Marley, in her eternal patience, sat herself in a nest of ticks. Lone star ticks. Nymph stage lone star ticks. We were in the parking lot for a good 45 minutes pulling freckle-sized ticks off of her belly. Soon we realized it was much more than we could possibly tackle in the parking lot. We loaded her in the car, got home, stripped at the front door and threw our clothes and backpacks right into the washer, and threw her in the tub. I scrubbed her, conditioned her, and then we had her on the floor with all the overhead lights on and lamps with the lampshades removed placed strategically around us while we combed, tweezed, plucked, and pulled hundreds of ticks off of her body. Most were on her back end—you know, where the hair is really long and thick. The poor girl fell asleep while we, for two hours, went over every square inch of her body. (Did you know dogs can have freckles? So cute! Don’t try to tweeze them off.) This morning we found a few more, and we expect that will continue for a bit. Gross.

Now our skin is crawling and we’re both completely paranoid about every tickle, itch and pinch that we feel. I know there are more on me. Somewhere. Hiding. Sucking my blood. I know it. But jeez, dinner was really, really good last night. And BF is going back for more on Wednesday.

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Supai Pictures

Here we go with some Supai pictures. Click on the thumbnails to see them bigger.

Heading into the Canyon The first glimps of Havasu Falls The pools around Havasu Falls Walkin Across Havasu Falls

View from the top of Mooney Falls View of Mooney Falls Hike to the Colorado River Beaver Falls

We Made it to the Colorado River! Hike back from the Colorado River Havasupai Indian Reservation Hiking out of the Canyon

The top row:
Hiking into the Canyon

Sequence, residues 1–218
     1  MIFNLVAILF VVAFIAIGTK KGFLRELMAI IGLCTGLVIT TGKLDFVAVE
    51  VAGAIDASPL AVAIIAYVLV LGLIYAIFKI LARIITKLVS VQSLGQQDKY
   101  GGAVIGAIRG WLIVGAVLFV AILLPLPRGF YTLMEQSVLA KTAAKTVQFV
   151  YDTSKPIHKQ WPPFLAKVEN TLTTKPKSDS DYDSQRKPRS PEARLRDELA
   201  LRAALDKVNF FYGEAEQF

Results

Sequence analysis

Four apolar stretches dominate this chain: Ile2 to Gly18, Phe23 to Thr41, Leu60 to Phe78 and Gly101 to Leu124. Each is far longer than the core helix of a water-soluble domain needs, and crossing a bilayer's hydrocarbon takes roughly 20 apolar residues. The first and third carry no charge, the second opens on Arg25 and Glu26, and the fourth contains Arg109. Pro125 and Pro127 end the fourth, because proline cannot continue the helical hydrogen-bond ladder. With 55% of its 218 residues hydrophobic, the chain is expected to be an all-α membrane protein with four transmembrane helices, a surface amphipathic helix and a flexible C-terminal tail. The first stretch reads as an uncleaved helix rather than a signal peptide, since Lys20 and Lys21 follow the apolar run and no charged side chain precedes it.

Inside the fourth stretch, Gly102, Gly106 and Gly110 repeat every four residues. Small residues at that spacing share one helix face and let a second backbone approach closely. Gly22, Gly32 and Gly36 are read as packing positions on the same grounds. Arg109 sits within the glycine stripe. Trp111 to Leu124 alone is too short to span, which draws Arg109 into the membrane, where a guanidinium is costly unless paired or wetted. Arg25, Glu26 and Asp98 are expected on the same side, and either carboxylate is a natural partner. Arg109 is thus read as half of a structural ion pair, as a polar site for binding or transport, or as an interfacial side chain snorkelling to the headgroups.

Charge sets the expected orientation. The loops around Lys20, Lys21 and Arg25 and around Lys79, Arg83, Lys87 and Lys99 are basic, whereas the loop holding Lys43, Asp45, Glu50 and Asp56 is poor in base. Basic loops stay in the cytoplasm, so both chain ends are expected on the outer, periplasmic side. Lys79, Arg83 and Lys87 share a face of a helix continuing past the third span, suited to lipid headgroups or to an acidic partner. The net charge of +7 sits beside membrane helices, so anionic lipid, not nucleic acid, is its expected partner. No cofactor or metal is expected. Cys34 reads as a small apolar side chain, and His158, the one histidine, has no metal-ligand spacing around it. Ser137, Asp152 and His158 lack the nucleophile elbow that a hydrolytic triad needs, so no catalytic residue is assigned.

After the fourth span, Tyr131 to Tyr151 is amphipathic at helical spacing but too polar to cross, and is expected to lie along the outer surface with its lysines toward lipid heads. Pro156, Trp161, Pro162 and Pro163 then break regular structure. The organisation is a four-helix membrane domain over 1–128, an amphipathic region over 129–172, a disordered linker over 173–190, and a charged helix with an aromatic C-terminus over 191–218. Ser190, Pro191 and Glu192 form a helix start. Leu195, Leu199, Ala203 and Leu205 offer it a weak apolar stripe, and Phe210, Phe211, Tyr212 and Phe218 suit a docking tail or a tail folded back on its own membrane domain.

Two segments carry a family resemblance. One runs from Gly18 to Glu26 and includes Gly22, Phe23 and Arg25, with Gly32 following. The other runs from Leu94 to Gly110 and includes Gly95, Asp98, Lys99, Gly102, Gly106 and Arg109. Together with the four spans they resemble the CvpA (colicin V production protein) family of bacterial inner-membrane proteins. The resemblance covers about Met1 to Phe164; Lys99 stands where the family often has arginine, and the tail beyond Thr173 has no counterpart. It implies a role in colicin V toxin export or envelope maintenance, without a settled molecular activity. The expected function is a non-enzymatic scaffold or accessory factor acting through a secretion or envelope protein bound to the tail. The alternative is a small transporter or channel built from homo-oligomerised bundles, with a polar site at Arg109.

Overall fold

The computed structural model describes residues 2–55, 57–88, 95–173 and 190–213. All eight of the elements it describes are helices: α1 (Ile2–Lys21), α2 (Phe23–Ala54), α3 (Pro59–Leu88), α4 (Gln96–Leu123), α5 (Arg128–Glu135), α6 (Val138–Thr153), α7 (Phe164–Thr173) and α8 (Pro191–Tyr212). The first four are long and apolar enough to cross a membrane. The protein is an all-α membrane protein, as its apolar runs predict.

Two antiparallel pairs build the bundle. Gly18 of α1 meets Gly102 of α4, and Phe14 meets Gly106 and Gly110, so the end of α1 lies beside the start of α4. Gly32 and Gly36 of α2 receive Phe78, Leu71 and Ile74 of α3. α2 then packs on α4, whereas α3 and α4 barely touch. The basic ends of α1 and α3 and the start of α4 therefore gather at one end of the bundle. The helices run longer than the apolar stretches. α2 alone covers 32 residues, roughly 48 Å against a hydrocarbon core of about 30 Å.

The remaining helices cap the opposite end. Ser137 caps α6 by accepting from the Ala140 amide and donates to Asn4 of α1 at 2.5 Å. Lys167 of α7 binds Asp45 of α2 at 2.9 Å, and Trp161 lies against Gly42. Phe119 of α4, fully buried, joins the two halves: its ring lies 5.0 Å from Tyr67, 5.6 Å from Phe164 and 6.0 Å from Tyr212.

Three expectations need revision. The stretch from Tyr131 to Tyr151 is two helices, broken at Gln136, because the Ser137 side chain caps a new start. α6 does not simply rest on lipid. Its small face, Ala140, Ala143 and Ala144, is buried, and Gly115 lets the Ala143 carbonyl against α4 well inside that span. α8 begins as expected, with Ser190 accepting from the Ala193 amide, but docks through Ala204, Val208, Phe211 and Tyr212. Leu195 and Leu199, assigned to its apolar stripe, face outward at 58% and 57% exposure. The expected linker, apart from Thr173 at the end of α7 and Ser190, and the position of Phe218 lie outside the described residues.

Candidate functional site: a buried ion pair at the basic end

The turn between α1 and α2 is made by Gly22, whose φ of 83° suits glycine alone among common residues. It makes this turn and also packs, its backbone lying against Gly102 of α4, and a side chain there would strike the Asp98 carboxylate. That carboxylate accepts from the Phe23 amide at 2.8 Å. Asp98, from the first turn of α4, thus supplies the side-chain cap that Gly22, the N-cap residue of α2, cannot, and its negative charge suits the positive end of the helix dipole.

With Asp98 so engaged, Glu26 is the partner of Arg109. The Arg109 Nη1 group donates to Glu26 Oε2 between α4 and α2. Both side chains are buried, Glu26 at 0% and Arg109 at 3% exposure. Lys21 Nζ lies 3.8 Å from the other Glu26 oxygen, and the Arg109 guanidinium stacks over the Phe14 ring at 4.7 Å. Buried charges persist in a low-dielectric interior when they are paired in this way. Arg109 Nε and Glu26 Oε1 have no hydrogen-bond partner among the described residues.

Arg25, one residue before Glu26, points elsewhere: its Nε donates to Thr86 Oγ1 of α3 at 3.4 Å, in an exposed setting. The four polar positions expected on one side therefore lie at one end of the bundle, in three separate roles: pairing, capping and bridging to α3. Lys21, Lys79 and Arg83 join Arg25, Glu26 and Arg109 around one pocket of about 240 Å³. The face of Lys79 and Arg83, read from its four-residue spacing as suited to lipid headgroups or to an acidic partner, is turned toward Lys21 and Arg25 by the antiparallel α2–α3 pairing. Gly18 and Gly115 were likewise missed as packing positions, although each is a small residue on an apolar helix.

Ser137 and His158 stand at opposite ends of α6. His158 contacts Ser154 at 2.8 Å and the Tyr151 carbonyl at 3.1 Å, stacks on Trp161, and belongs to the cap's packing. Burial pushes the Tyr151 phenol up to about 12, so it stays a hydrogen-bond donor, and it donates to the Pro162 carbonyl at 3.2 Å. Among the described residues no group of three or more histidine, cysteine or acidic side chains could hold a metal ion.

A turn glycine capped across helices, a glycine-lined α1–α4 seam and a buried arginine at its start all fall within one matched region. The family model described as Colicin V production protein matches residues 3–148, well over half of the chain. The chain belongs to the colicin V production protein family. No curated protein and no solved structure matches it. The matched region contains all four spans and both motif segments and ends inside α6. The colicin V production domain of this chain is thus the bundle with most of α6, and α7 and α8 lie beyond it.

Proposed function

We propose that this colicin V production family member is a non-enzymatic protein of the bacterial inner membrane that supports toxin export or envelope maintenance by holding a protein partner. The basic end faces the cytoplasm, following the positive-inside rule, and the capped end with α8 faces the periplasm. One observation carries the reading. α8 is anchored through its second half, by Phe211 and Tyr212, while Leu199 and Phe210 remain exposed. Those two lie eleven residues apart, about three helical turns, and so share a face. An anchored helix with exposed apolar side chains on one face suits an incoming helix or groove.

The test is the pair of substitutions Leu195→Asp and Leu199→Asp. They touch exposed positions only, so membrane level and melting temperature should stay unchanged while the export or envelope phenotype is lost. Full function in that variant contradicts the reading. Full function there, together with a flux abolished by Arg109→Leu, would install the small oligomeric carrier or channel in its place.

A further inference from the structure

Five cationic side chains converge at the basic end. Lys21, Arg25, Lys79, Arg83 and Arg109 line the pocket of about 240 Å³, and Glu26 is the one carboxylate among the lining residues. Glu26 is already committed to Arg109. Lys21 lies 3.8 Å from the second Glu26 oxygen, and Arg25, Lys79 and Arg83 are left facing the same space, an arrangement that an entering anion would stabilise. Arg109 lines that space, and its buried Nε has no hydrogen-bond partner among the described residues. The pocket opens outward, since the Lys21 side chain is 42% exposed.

Our first view of Havasu Falls
The pools at the base of Havasu Falls
J and I walking across the pools

The second row:
The view from the top of Mooney Falls (and my boots)
Mooney Falls
Hiking out to the Colorado River
Beaver Falls

The third row:
The Colorado!
Green and gray contrast, hiking back from the Colorado
Horses on the reservation
Hiking out of the Canyon

I want to do it all again.

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Ravens Rocks

BF, MarleyQ and I hiked Ravens Rocks yesterday. It was a beautiful, albeit windy, day with temps in the mid 60s and the sun shining brilliantly. The only clouds in the sky looked as if they had been placed there with artistic intent. The hike was as perfect as the day.

We were worried about time. The website said it was a 4-hour hike and we didn’t get started until right around 2. We keep a good pace, especially with Puppergirl blazing ahead, but we’re in no way superstars and with daylight savings yesterday, we wanted to be sure we beat the sunset back down.

The leaves are about as peak as they’re going to get this year. They’re very rusty instead of fiery, but it was beautiful all the same. The color carpeted the trail and laid a glow over the mountains that we would every so often catch sight of through the trees. The trail was rocky—there was quite a bit of scrambling (note: dangerous with excited dog on leash and ankle boots good) and, even in the flatter parts, you had to focus on where your foot should land next to avoid those tricksy rocks barely poking out from the leaves. Oftentimes hikes are a difficult climb up and then you flllllllyyyyyyyyyy back down. White Oak Canyon, one of the more comperable hikes to this one insofar as difficulty, was that way—a steep, sweaty, wheezing (beautiful) climb up the series of falls, and then about a half hour of wheeeeeeeeeeeeee as we charged back down. This one was a really good level of strenuous throughout. I definitely needed to stop and rest after one of the climbs, but I never said, “OH MY GOD MAKE IT END NOW.”

With the man and dog forging ahead (and finding all the tricky spots for me), I was actually able to reach a meditative sort of zone with this hike that I haven’t reached in a long time. My breathing and footsteps formed a rhythm that let my mind open up and wander. I used to only reach that state running or on long bike trips when there were very few other bikes on the trail. But, the insulation of the trees and the need to focus on my footfalls were the perfect combination yesterday and I felt a floodgate opening and a thought process rekindled that I don’t think is stoppable and I really don’t want to end.